Through technical assistance, NRCS assists agricultural producers in developing conservation plans, giving them a roadmap to keep ranches and farms sustainable. Through Farm Bill programs, such as EQIP, financial assistance is also available to assist with the cost of conservation implementation to address resource concerns.

“I couldn’t have done everything I did without the financial assistance of the NRCS which has been the best tool to help the land that we have ever had to restore the land.” Joe added, “We don’t save this land by keeping it covered with a healthy stand of grass, it will blow our soil away, which can’t be replaced in two lifetimes, letting our legacy blow away in the wind.”

Grazing for wildlife

While grazing and growing hay is a large source of income, wildlife is highly sought after through hunting and brings in a high revenue stream. The Johnsons have participated in the Texas Parks and Wildlife Department’s Managed Lands Deer Program (MLDP) for more than 20 years. Their deer program is a low-fence operation with year-round protein feeders. Protein supplementation helps to assist nutrient requirements in effort to keep deer healthy, especially in the spring and early summer when higher protein allows larger antler growth.  The MLDP plan includes recommendations on harvest rates by weight, sex and antler score. 

“My philosophy is to keep the deer happy through proper management of their habitat and population through multiple survey methods that are given by their wildlife biologist,” Joe said. “We only allow archery hunting of the white-tailed deer, axis deer and hogs.”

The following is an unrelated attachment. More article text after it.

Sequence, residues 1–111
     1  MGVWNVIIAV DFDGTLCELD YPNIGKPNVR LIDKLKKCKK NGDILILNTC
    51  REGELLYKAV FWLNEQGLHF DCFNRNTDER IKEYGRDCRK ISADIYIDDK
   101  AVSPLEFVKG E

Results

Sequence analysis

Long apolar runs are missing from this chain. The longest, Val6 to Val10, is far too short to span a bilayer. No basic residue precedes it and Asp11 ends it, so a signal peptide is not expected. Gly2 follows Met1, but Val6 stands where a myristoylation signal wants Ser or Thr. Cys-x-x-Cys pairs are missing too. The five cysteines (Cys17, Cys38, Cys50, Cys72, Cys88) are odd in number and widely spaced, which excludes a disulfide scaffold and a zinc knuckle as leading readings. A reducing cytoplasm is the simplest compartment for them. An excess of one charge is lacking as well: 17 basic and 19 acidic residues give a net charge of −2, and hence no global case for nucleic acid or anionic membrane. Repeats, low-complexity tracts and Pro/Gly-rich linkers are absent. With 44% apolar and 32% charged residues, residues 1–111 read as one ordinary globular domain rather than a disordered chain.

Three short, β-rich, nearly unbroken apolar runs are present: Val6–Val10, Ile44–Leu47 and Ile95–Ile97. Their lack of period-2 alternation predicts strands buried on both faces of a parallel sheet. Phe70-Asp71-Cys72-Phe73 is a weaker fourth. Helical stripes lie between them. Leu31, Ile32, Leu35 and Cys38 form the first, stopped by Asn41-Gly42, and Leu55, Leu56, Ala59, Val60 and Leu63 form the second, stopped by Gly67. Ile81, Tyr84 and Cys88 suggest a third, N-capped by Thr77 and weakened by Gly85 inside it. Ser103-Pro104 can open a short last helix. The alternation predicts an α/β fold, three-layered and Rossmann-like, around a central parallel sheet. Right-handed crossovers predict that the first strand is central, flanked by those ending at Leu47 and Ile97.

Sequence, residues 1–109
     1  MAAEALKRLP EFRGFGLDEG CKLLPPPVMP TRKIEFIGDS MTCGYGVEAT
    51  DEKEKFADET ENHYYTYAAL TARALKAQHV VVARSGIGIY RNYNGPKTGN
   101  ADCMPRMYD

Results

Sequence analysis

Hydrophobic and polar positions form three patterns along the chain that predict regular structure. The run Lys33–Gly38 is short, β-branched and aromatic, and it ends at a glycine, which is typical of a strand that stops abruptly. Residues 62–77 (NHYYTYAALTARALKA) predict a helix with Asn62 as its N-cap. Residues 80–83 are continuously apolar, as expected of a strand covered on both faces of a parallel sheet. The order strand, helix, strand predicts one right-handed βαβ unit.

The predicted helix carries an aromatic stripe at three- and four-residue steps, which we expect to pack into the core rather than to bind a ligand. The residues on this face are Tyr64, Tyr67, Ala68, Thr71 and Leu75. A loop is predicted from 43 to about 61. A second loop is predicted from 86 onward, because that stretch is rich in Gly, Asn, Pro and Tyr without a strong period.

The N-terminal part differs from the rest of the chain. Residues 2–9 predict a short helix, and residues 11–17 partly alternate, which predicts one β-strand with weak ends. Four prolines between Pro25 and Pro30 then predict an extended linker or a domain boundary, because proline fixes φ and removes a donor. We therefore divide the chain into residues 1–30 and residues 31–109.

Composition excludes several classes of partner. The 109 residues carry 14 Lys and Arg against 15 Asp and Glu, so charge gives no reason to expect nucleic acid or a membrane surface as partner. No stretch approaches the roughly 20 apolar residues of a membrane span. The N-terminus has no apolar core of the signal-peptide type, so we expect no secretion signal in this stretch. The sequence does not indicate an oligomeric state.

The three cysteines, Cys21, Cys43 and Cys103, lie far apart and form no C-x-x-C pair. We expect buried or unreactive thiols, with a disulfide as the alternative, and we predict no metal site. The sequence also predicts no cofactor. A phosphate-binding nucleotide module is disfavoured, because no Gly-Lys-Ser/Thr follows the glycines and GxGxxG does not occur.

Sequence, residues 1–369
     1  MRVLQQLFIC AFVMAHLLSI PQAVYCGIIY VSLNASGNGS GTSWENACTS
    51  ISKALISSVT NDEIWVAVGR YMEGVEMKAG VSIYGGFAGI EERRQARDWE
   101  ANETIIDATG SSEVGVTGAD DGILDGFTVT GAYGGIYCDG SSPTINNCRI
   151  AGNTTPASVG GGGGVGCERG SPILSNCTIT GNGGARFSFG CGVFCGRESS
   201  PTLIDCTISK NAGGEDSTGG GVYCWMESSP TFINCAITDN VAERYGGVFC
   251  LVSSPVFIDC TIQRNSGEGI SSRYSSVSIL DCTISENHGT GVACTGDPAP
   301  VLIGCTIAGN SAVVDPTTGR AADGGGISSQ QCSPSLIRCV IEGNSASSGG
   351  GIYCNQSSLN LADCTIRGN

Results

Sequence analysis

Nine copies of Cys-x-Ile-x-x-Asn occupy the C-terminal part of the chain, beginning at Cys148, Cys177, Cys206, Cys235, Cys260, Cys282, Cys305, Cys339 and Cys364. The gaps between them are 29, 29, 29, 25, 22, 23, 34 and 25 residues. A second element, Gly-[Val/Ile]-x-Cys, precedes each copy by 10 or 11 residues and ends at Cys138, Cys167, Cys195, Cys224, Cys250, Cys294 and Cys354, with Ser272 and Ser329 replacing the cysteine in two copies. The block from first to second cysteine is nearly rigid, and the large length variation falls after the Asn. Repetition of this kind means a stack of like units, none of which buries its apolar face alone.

For Joe, and many land managers though the United States, invasive species such as feral hogs and axis deer can be problematic and must be included in a management strategy. Feral hogs can destroy land while axis deer, left unmanaged, can over graze areas.

“I enjoy more than just the big wildlife like the deer and turkey,” said Mackye. “I like the butterflies, birds, and pollinators that enjoy our wildflowers and other plants that keep the ranch diverse,”

Joe said ranchers like himself continue to learn about the errors in the way they ranched in the past and have found ways to be successful.

“We wasted so much time years ago when we would spend more time drenching our sheep for worms in the spring and summer putting them back in the same pasture keeping the pest cycle going,” Joe said. “After learning the correct way to manage my land, my grazing has changed because I will always be understocked no matter how much it is raining because overgrazing can take years to get your land back to a healthy rangeland again.”

A lifetime of learning

Joe has worn many hats throughout the years, including county commissioner. For the past 21 years, he has been a director for the McCulloch Soil and Water Conservation District (SWCD) where he represents his fellow agricultural producers and land managers. 

“Over the years, I learned many things from getting it done right but I learn much more from doing it wrong, so we now are righting our wrongs which is how most of us learn anyhow,” explained Johnson. “I wish I had spent more time preparing my seedbed and had more diversity in my grass seed mixes to really restore our lands back to the grasslands of the 1700s.”

“The best advice I can give is the old saying of ’bloom where you are planted’ by seeking out people like the NRCS, AgriLife Extension, or ranchers in your area that know what will work for your area. Because what works 200 miles away might not work on your ranch,” he added.